I don’t need to see an American flag everywhere to know someone loves their country. I don’t have a flag on my lawn, doesn’t mean I don’t love my country. People equate a symbol, the flag, and boast it as if it’s the only way to show your patriotism. We’re not supposed to honor symbols; we’re supposed to honor the spirit. Yes, I do believe in saying the pledge. Yes, I do believe you don’t talk during the anthem and you show your respect as you would if you were praying. I don’t need to wear the flag to show my love for those who are serving, have served, and sacrificed it all for us. I believe in showing respect to our soldiers when we see them in public, with my sons saying “Thank you” or saluting them. It’s the little acts, not the grand gestures. I believe that you show your patriotism fighting for those who can’t whenever you can. I believe that you show your patriotism by giving thanks to those who chose to fight so that you didn’t have to.

This doesn’t mean that I don’t believe in the flag. I repeat, in bold this time: This doesn’t mean that I don’t believe in the flag. This is a symbol of our country, this is something to be revered. I just mean to point out that the most important thing, the thing that we are actually fighting for, is the American spirit. The spirit of not being told to sit down and take it. The spirit of fighting for our beliefs, for justice, for peace. The American flag is a symbol of the American spirit; not a replacement for it.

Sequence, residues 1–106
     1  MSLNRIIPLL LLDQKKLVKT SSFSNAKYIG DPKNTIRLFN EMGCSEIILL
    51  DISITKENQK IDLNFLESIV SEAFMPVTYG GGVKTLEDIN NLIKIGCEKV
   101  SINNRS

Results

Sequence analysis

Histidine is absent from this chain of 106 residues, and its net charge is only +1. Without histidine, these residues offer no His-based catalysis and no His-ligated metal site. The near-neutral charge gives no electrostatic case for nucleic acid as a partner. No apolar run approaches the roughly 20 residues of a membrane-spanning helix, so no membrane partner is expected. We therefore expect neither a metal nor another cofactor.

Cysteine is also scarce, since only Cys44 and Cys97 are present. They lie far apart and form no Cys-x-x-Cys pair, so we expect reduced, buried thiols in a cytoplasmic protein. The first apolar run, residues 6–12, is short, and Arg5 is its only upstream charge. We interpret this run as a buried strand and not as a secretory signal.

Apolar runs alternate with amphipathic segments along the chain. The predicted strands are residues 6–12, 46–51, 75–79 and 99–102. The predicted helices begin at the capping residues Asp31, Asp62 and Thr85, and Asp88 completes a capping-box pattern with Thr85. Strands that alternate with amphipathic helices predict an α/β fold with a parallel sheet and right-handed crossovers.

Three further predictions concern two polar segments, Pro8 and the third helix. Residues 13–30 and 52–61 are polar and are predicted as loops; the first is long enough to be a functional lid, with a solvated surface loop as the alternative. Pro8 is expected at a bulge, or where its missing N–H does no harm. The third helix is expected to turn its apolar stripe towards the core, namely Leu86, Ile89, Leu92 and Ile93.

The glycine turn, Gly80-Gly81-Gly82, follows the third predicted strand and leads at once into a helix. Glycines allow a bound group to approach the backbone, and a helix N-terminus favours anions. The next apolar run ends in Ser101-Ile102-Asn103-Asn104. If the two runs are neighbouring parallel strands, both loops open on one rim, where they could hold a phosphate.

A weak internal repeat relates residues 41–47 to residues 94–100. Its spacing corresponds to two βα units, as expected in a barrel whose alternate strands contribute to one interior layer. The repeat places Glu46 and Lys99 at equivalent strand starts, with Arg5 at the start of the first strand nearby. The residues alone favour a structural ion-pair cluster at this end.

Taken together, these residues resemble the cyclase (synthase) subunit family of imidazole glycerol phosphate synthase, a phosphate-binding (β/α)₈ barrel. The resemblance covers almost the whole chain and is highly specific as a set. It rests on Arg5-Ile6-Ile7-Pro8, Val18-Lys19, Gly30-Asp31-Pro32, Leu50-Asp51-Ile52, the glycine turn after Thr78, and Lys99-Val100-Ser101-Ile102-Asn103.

This need to be outraged about everything has gotten crazy. Some people on the far-right insist that it’s only the “snowflake libtards” that get outraged over nothing, when it’s both sides that want to make everything “a thing”. I recently joined groups for my community because I wanted to see about our local politicians. I wanted to see how us citizens could inspire change. Instead, I see dumpster fire level outrage over nothing. I see people flaming each other for nothing. I see the worst in humanity when really, I just wanted to see how these people wanted to help our communities. Instead, it’s all fake outrage. It’s finding controversy where there isn’t any. Apparently this is the new American way.

I don’t believe in searching out controversy. I don’t believe in following those who do. I believe the politicians and the media want us to be outraged at whatever they tell us to, in part, just because they can do it and no one will question it. I question it. I wonder why they are making a mountain out of a molehill. I believe in getting back to the true American spirit.

Better Late than Never?

Unless I’m deathly ill, or I’m playing nurse to other people in the house, I try not to miss my regular posts. Unfortunately, sometimes that does happen. But I try really hard. Today was one of those days were my to-do list was too much. However, I wanted to get something up because I’m a big fan of sticking to routines, almost annoyingly so. Routines are something that I can find comforting, which is why I try my hardest to stick to as rigid of a routine as I possibly can. Maybe it’s superstition or maybe it’s a necessary by-product of working from home, where you are your own boss and taskmaster so you need to be on the ball. Whatever the case is, I have a routine that I often stick to as close to the minutes as possible. When I said “rigid”, I meant it.